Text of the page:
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Some Utah Swimming Restrictions Lifted as Crypto Eases

Some Utah Swimming Restrictions Lifted as Crypto Eases



Estimated read time: 1-2 minutes

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SALT LAKE CITY (AP) -- Toddlers can return to many public swimming pools in Utah -- if they're potty-trained.

Utah health officials eased a ban on young kids in pools Tuesday after finding that illnesses tied to cryptosporidium were slowing down.

Crypto is a parasite that can cause severe diarrhea. For the last four weeks, many Utah counties have banned all kids under 5 from indoor and outdoor pools, at parks, hotels, schools and businesses.

Crypto is found in soil, food, water or surfaces that have been contaminated with human or animal feces. There have been 1,705 cases in Utah this year; 64 people were admitted to hospitals.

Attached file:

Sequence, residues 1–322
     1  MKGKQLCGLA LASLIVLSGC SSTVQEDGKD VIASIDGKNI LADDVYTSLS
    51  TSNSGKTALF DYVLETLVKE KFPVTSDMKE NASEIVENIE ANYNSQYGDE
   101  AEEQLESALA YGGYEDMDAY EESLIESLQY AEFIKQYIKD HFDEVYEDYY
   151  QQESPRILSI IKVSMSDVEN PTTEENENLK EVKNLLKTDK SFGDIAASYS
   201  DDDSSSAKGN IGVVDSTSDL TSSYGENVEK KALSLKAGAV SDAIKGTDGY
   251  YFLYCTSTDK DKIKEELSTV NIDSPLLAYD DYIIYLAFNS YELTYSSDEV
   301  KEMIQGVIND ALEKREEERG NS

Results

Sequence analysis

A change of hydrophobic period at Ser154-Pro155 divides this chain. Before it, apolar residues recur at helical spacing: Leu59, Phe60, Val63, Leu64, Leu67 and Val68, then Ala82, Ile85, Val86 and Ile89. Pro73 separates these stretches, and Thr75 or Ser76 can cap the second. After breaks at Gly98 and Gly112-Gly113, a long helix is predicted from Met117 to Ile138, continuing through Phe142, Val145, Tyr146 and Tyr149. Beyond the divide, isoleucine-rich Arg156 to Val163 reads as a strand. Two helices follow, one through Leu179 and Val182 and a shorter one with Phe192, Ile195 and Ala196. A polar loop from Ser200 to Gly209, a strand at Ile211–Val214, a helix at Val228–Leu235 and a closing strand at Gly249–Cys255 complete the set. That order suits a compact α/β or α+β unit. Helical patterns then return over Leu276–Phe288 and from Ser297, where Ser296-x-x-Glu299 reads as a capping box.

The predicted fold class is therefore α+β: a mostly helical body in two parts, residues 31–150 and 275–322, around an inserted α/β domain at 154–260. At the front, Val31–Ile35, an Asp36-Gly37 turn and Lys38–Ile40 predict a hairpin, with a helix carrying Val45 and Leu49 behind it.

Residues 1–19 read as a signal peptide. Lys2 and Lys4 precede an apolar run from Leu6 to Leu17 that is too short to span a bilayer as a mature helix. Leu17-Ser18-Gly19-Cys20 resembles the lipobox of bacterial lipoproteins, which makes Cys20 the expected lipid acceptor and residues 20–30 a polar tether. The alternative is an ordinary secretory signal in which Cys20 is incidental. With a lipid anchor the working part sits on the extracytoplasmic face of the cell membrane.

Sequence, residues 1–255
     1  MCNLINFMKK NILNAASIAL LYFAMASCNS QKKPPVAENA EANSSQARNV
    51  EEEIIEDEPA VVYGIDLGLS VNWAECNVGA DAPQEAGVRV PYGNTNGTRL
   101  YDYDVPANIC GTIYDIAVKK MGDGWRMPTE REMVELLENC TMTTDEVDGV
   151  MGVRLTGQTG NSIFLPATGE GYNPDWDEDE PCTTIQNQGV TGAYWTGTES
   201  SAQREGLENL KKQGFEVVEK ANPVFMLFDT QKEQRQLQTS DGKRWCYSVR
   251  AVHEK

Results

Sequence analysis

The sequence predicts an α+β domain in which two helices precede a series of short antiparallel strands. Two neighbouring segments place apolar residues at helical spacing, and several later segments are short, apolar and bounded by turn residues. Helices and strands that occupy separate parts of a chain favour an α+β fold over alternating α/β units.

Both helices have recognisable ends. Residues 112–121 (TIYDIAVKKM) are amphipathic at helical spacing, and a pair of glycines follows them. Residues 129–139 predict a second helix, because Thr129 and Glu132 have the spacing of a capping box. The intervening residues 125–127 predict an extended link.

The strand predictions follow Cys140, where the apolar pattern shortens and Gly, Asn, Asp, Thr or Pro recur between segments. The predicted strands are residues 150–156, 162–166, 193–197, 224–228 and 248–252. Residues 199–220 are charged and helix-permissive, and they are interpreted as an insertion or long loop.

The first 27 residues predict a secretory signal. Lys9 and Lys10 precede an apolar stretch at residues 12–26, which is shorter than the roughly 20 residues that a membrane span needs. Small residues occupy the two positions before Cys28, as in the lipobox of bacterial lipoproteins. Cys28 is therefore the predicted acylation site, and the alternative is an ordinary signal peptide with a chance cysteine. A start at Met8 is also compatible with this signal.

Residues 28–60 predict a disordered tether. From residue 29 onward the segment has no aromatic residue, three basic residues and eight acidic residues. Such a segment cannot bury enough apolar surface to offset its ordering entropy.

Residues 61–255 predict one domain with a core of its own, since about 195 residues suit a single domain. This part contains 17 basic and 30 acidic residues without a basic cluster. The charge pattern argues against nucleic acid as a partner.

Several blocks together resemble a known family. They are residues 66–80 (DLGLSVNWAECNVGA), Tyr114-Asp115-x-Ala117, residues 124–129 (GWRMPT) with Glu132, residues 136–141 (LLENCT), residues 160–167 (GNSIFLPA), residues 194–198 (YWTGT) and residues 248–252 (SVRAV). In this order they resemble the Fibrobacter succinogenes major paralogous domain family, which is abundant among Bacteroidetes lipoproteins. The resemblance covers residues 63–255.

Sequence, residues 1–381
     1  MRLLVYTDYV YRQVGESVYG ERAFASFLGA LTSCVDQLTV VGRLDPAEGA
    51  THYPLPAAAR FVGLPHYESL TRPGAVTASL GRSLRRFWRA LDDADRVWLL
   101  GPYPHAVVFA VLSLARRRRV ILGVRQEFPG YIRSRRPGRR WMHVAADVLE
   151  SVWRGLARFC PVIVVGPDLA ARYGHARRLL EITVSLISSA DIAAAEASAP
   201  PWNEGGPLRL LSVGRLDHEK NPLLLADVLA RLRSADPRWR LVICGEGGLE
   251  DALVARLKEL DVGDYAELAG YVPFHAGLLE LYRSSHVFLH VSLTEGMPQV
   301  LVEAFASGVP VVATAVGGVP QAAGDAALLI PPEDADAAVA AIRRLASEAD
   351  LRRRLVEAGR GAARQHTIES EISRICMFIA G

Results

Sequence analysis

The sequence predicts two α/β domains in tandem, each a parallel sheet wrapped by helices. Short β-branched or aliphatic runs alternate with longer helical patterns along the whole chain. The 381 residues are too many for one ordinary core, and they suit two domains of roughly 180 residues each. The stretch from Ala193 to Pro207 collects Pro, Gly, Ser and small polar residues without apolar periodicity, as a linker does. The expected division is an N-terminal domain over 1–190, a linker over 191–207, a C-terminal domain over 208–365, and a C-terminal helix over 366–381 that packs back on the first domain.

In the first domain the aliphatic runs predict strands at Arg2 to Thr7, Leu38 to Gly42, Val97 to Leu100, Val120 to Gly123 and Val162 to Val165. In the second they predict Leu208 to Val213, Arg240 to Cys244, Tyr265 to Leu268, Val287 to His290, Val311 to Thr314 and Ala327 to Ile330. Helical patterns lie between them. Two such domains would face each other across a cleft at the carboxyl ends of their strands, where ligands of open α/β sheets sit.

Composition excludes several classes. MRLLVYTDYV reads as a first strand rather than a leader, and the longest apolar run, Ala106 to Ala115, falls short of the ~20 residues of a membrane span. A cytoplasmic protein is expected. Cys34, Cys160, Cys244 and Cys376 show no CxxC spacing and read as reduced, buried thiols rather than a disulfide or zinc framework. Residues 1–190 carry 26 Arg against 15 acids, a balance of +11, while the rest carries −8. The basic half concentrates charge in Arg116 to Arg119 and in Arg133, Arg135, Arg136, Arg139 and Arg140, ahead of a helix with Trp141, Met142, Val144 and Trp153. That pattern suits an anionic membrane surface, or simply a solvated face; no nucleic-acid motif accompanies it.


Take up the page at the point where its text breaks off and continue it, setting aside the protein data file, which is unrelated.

Kids under 5 can return to the water if they don't wear diapers, including swim diapers.

"It does look like the measures local health departments put into place are working," said Dr. Robert Rolfs, epidemiologist at the Utah Department of Health. "This should ease the burden on many families wanting their potty-trained children to take swim lessons while still prohibiting those likely to have accidents in the pool," he said.

Crypto cases have been reported around the state, but not all counties adopted the pool restrictions. Because of population, Salt Lake and Utah counties have reported the most cases. The state typically sees only 30 a year.

Gary Edwards, executive director of the Salt Lake Valley Health Department, said the public must remain vigilant. "It's important to practice good hygiene," he said. "It remains very important that anybody who has diarrhea not swim for two weeks after the diarrhea symptoms have ended."

(Copyright 2007 by The Associated Press. All Rights Reserved.)

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